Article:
Connie hadn’t ever piloted a submarine before and as crash courses went she felt she’d managed to keep the amount of crashing to a reasonable minimum.
“Is it strange that the weirdest thing about this is that I keep wondering how our lights are shining through blood?” Jen asked. “Blood’s not exactly transparent, but our headlights are making it look like water with some red food coloring spilled in it.”
Connie hadn’t bothered wondering about that. It was a key to dealing with magical stuff successfully. Roll with the weirdness or get rolled over by it.
“What we’re seeing is more of a projection than strictly objective reality,” Sarah said. “Bogoroa and the other physicians are taking care of that so that we can navigate in here and won’t go bonkering in the process.”
Connie corrected their course almost in time to miss a collision with a red blood cell.
“Oops,” she offered and spun the orb under her left hand to mitigate the rebound acceleration as the cell’s spongy wall hurled them away like a trampoline.
Their craft was a soap bubble, an iridescent sphere with enough room for a crew of twenty, though Jen had insisted that no one but the three of them be risked on the journey. Connie had been impressed with both its size and the fact that the Telidees had something like that available on the spur of a moment.
“Microscopic bio-exploration was the first use we put shrinking technology to when we discovered it,” Bogoroa said. “It’s one thing to look at a sample in a lab, but nothing comes close to watching a biological agent in action for truly understanding how it functions.”
And so Connie had gotten to drive a submersible blood exploration vessel. She like ‘bloodmarine’ for a name, but no one else seemed to agree with her. Jen objected to the name due to it being a mismatched combination of terms, and Sarah simply thought it sounded ridiculous.
“Are you sure you didn’t need a longer training period on this?” Sarah asked. “You only spent about ten minutes with the instructor.”
“It’s not working the controls that’s the problem,” Connie said. “I can make this thing go where I want, but this blood has some funny currents in it. It’s almost like it’s fighting me.”
“Could it be?” Jen asked. She was at the primary telemetry stations, monitoring their progress through Pynni’s body towards the principal weaponization sight. Predictably that was right outside Pynni’s heart, because why not be as horrible to your living weapons as possible.
“Probably,” Sarah said. “Pynni’s body shouldn’t be rejecting us, but any weaponeer would be an idiot to leave their creation undefended from this sort of attack.”
“I thought the bio-weapon spells were still inactive?” Connie said.
“Inactive is such a broad term,” Sarah replied, checking her own display which was monitoring the temporal and spatial shifts around the craft.
When they’d first seen the bloodmarine it had towered over them, all clear crystal outer hull and sleek (and sterile) stainless steel appointments. The spells that shrunk it and its occupants down to microscopic scale weren’t fire and forget affairs. They required careful monitoring both from inside the ship by Sarah and outside the ship by Bogoroa’s team.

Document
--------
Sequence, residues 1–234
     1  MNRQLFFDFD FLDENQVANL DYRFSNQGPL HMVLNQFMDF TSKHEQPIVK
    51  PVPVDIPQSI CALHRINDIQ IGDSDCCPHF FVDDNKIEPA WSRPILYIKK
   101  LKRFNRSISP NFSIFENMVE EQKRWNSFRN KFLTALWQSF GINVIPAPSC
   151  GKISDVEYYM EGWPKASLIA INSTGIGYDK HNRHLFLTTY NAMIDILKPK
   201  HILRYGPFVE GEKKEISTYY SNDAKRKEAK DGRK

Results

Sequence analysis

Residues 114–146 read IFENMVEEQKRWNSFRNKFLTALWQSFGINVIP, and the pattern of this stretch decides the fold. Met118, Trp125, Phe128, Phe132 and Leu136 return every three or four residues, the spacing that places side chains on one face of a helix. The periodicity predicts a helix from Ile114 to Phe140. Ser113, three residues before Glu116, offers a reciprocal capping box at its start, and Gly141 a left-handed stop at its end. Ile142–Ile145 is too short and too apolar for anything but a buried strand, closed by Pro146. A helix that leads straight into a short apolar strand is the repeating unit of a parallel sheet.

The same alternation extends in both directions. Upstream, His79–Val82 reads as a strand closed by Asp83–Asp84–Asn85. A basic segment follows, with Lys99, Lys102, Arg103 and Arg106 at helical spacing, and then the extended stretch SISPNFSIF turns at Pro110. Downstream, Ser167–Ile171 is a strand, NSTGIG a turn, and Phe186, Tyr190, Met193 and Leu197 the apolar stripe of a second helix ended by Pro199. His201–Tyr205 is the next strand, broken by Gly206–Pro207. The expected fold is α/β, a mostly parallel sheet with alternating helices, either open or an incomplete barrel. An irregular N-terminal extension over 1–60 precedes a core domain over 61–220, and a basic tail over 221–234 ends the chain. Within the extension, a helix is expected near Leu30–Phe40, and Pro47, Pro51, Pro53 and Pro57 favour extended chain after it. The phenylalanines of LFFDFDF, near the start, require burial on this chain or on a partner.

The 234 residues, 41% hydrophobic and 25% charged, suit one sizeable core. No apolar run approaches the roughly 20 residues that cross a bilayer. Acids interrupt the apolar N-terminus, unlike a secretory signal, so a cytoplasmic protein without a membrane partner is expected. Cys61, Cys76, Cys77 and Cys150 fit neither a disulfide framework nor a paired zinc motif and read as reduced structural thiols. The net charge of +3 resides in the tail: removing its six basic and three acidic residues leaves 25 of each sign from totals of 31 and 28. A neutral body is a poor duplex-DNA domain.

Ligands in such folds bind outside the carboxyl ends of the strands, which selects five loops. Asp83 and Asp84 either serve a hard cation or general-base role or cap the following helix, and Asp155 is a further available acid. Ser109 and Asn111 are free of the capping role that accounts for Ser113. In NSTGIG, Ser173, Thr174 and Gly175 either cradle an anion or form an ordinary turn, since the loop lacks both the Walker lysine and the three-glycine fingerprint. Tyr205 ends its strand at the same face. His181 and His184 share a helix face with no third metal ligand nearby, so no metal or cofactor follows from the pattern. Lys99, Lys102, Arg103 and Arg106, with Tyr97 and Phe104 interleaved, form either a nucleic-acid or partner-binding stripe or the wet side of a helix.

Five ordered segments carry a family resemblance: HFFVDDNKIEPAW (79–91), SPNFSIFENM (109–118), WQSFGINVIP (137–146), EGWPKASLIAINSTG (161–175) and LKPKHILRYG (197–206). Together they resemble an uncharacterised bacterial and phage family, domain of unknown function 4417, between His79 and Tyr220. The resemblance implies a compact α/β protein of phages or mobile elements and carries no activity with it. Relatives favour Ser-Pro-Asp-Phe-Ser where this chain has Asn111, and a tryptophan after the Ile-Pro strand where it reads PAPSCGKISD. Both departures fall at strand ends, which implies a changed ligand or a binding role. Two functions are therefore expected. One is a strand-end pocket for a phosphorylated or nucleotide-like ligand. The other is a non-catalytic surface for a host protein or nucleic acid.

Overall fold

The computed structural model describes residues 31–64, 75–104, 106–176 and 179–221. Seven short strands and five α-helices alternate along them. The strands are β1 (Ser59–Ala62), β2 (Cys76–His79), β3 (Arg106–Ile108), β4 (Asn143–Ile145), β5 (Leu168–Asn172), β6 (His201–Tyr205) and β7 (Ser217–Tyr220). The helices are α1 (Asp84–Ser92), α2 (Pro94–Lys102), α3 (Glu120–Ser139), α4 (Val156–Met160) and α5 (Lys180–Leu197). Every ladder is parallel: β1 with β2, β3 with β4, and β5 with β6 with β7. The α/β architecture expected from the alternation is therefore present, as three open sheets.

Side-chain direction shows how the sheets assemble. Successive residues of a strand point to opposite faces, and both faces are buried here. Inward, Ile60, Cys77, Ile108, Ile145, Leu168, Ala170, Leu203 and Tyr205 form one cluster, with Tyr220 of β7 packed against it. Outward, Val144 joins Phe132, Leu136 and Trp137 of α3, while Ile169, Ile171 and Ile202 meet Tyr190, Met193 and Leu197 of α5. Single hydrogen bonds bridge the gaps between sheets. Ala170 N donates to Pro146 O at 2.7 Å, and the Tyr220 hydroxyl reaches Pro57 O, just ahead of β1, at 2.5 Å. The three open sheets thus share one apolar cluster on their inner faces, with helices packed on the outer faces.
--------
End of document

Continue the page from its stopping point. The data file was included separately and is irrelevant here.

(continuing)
“We brought our own time with us,” Sarah said. “As we move through Pynni’s body we’re bringing the nearer pieces of it into that bubble so that we can move through them. If we did that without allowing any time to pass for the areas outside our sphere of influence our passage we’d be creating tiny micro bursts of speed in the cells and fluid we encountered.”
“We knew that we’d be facing an active version of the bio-plague spell as a part of this,” Jen said.
“Yeah, I’m just concerned with how much of a headstart the plague spell is going to have on us.”
“As little as possible,” Sarah said. “We’re coming up on the primary activation site now.”
Outside the bloodmarine, the sea of red they were drifting through didn’t change. Only the indicator icon directing Connie towards their destination looked different, growing with each passing second as their target came into view.
The “bio plague” was beautiful when Connie finally caught sight of it. Against a wall of red that either was or represented Pynni’s heart muscles, a glittering blue white jewel hung glittering like a star. Inside the jewel there was a man suspended as though he was floating on his back.
The closer Connie guided the bloodmarine, the more resistance she felt to its forward movement until she was barely able to make any progress at all.
“I think the spell defenses are active,” she said, gritting her teeth as the controls fought to escape her grip.
“That’s my cue,” Sarah said and began tracing glowing glyphs in the air.
“Hold on,” Jen said. “Bogoroa’s team figured this might happen. I’ve got it covered.”
“You’ve what now?” Sarah asked, the strings of light she’d been tracing falling away like confetti.
In response Jen only smiled and smack her hands one at a time into her forehead. Lights along and within the prosthetics came to life as a suit of liquid metal flowed over her body.
“I don’t…what are you doing?” Sarah asked.
“Going out the airlock it looks like,” Connie said as Jen departed the craft. Apparently the metal exo-suit did not come with communications gear.
It did however come with its own thrusters which churned a wake behind Jen as she pushed forward through the force that was holding their ship back.
Connie wondered briefly if Jen intended to make contact with the Nano-soldier on her own, but instead she stopped once she’d reached a point that felt like a hundred meters from the ship and reached out in a beckoning gesture.
Connie felt a rumble go through the ship and watched as the disembodied force that held them in its grip materialized into a pair of grasping hands.
Jen brought her prosthetics together in an X across her chest and grew (or unshrunk) to the point where she could engage the spectral hands on their own scale. As she did she glanced back to the ship and nodded for them to proceed.
“She’s literally wrestling the defense spell?” Sarah said. “I knew I should have asked about the stuff Bogoroa hooked her up with!”